Bi Zhongan is a Colonel in the People’s Liberation Army of China. He is the Deputy Director of Information in the Foreign Training Department at the PLA’s Academy of Armored Forces Engineering in Beijing where some 48 Africans, Asians and Middle Easterners gathered in the month of November for a course in National Information Security.
“My friend from Nigeria, why are you late?” Bi asked a few minutes after I had arrived at the academy, the foremost in China.
It was his responsibility to know why I had arrived four days after the programme had begun on October 31. He said he wanted to know if the fault was theirs, the organisers of the course, so that they could prevent such a mistake in future. I offered my excuses and Bi gave me a briefing on the programme but not before he had advised that I be punctual for the classes taught by both military and civilian academics from the universities.
The Chinese military has its own academics engaged in research and teaching in their various institutions. Thus, it is not unusual to find a military officer addressed as professor. If I thought questions on my late arrival were over, I was wrong. Many of the participants, especially the Africans, kept asking the same question.
I could not figure out why there was so much interest in why I came late until the questions started pouring in.
“How is Nigeria?”, “How is your President?”, “Is he okay now?”.. It was then it occurred to me that it was not about me but about my country.
They were genuinely interested in knowing about Nigeria. How do I know. I will tell you presently.
Earlier on arrival at the expansive Beijing airport, I was met by an officer and two soldiers who took me to the academy. What a beautiful city, Beijing is.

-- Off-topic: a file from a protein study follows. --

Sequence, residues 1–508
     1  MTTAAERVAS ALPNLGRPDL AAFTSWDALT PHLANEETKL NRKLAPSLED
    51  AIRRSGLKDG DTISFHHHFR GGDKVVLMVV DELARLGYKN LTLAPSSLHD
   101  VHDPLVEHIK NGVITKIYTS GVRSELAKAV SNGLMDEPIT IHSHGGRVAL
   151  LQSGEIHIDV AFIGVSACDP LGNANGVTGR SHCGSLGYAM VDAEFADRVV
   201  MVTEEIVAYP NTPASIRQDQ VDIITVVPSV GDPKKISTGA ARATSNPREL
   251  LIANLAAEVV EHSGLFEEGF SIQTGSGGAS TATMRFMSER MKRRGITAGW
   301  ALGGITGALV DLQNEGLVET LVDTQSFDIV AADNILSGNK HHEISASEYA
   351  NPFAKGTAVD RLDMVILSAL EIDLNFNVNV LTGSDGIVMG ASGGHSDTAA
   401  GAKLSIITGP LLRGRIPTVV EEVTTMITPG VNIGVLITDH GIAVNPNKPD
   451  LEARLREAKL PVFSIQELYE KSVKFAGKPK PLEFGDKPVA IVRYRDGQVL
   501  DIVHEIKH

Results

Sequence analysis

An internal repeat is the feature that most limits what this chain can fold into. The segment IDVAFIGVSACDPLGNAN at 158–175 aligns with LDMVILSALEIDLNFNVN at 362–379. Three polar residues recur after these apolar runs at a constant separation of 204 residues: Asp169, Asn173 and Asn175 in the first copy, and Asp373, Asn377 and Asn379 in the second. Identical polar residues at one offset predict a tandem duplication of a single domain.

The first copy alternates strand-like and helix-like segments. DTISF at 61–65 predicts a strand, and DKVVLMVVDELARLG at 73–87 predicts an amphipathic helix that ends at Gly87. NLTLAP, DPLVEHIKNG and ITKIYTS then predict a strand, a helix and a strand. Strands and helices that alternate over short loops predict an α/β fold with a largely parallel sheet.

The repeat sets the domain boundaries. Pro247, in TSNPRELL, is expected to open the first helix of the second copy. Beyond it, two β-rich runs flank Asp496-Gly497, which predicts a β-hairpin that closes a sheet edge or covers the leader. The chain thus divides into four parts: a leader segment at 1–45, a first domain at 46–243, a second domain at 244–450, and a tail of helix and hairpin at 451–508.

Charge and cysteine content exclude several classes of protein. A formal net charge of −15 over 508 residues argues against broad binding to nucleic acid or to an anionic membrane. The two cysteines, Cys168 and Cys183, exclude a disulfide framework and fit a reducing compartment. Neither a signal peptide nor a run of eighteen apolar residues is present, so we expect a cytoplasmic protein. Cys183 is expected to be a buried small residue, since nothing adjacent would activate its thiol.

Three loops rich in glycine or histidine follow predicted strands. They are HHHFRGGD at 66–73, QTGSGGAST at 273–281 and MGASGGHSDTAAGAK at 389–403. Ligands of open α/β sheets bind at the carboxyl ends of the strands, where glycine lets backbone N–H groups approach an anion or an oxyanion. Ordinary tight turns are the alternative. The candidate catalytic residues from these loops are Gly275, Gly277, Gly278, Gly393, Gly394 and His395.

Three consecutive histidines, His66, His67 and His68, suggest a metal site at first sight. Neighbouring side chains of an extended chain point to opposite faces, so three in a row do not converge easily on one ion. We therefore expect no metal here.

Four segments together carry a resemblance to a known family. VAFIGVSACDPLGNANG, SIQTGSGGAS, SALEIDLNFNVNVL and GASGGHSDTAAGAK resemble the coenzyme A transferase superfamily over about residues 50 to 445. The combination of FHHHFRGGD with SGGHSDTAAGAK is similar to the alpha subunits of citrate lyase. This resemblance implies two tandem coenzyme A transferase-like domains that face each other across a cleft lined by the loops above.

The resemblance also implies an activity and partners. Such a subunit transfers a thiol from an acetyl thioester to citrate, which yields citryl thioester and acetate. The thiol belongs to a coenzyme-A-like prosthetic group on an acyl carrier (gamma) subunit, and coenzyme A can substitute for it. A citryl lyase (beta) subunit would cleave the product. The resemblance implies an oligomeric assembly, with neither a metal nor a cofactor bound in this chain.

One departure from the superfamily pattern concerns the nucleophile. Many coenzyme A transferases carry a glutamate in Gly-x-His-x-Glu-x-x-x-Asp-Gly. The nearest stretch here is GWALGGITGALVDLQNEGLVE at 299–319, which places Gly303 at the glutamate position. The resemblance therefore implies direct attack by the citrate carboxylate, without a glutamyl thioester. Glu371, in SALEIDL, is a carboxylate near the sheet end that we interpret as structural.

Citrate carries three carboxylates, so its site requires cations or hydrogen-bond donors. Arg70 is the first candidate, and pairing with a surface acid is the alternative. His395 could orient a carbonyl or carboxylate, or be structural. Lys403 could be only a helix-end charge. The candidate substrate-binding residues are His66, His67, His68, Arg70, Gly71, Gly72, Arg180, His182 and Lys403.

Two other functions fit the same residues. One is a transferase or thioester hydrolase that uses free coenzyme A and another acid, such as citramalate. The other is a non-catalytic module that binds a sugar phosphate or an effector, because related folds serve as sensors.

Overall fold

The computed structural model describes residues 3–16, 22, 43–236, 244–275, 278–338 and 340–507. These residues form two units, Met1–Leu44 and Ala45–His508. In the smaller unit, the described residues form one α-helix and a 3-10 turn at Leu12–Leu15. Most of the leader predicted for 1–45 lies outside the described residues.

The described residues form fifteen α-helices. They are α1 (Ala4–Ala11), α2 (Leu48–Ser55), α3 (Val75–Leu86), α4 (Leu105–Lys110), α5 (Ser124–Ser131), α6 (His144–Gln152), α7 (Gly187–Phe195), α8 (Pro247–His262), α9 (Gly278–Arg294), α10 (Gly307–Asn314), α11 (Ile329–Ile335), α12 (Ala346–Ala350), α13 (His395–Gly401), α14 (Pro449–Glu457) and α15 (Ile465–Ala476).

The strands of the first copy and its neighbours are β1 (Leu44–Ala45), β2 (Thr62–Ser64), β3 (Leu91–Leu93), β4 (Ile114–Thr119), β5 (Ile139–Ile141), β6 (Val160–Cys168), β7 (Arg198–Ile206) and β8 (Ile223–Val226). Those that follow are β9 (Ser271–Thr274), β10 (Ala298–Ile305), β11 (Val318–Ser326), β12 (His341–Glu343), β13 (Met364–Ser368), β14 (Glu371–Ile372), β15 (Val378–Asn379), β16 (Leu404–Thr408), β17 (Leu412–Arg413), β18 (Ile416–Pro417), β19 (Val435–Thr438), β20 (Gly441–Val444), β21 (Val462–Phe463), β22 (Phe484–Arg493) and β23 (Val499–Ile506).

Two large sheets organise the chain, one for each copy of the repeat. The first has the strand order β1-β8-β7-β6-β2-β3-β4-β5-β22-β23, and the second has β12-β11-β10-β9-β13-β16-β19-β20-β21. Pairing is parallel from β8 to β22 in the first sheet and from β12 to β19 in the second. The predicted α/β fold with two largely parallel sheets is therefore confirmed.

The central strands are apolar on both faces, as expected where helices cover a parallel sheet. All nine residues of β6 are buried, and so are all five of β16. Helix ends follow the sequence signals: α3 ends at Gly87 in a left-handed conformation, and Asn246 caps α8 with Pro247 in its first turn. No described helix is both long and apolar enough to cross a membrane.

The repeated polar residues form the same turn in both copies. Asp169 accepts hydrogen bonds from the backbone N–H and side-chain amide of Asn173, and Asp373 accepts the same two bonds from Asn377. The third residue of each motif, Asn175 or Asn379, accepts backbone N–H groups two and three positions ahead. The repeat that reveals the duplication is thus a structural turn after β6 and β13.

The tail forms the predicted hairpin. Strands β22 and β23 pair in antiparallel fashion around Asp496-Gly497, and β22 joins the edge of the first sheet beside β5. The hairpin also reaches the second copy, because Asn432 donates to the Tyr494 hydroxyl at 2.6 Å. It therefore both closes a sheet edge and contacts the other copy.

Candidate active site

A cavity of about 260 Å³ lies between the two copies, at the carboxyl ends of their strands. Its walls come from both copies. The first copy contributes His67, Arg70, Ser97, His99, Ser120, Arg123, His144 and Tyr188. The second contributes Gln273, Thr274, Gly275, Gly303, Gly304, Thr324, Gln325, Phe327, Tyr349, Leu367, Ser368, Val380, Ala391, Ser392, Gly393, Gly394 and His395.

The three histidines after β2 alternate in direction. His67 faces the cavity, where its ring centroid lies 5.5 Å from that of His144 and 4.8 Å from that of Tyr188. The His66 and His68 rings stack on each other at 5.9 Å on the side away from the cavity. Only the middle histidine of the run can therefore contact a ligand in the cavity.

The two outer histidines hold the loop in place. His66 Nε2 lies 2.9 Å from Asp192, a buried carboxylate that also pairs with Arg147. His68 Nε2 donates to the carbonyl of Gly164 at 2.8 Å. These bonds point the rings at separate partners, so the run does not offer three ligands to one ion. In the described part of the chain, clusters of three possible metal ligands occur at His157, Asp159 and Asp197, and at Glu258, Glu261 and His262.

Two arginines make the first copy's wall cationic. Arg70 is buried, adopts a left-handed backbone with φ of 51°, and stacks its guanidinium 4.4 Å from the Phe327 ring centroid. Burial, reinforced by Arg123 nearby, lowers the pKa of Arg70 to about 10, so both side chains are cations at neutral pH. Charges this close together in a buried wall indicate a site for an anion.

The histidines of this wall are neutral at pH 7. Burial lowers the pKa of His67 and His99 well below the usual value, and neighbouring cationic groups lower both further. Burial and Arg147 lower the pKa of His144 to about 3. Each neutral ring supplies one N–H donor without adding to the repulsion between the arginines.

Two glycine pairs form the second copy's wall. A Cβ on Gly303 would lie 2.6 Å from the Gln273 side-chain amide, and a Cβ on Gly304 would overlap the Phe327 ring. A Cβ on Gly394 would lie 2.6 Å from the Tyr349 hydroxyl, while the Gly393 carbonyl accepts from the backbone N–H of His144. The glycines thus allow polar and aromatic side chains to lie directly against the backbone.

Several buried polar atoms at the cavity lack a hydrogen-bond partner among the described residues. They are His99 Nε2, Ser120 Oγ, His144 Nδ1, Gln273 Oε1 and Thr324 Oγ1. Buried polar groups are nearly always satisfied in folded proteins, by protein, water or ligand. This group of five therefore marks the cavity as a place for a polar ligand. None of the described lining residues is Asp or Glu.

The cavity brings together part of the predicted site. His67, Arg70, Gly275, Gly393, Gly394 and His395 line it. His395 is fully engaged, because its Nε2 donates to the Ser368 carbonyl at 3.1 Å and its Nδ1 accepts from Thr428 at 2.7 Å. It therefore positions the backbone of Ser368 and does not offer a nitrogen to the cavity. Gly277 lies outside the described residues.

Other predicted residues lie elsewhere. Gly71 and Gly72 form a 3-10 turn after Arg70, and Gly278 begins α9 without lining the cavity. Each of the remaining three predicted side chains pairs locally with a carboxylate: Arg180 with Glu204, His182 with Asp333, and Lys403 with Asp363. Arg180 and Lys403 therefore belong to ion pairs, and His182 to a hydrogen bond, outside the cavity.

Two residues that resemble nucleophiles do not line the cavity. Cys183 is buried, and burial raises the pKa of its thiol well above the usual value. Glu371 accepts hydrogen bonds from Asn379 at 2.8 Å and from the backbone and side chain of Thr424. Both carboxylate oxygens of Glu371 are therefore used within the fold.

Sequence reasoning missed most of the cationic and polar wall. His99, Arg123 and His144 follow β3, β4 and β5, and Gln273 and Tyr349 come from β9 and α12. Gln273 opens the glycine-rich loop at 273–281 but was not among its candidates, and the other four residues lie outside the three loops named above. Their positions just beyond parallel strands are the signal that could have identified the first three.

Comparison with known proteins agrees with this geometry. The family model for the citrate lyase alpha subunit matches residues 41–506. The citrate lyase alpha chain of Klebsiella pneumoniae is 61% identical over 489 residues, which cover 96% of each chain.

Truly, the Chinese capital, the second largest city in China and home to some 17 million to 18 million people, is beautiful. In spite of the huge number of Beijing residents, the city is not crowded and traffic moves smoothly, except during the rush hours.
Public transportation is reliable. The buses are new and clean. No smoke billowing from the exhaust pipes. To improve traffic flow, the city government has put in place measures to reduce congestion. One of the measures adopted is similar to the odd and even number policy implemented in Lagos in the
1980s. This policy works here because the Chinese are discipline and would not buy another car just to beat the regulation.
Beijing is clean and you don’t see people litter the streets as we are wont to do in Nigeria. But they do have one terrible habit -- spitting in public places. It is not uncommon to see the Chinese clear his throat and spit out the content on the walkway and no one bates an eyelid. It is normal.
The Chinese have a peculiar way of fighting pollution. Luxury buses that are more than seven years old are not allowed to ply the roads, while cars have a 10-year-period. Once the years expire, the vehicles are sent to the crushing factories to be recycled.
In addition, it is mandatory for every vehicle to have a yearly anti-pollution test and certicates issued to the owners.
My hosts tried to explain the controversial family planning policy of one family one child of the Chinese government. However, there are exceptions to the rule. Chinese living in the countryside are allowed two children, provided the first is a girl. Furthermore, city dwellers may have two children if the father is an only child. But he is allowed only one child if he has siblings.
The Chinese are friendly and are always willing to help visitors. China has a long history, dating back to the era of emperors. Situated at the centre of Beijing, is the Forbidden City. It was the imperial palace during the Ming and Qing dynasties. Now known as the Palace Museum, it is to the north of Tienanmen Square, where hundreds of student demonstrators were mowed down by the People’s Liberation Army after almost two months of protests in 1989 for political reforms and democratic rights. The Forbidden City is the world’s largest palace complex and covers 74 hectares. Now back to the questioners. Many were interested in Nigeria because of the potential for greatness of the sleeping African giant. They kept referring to Nigeria as the hope of Africa.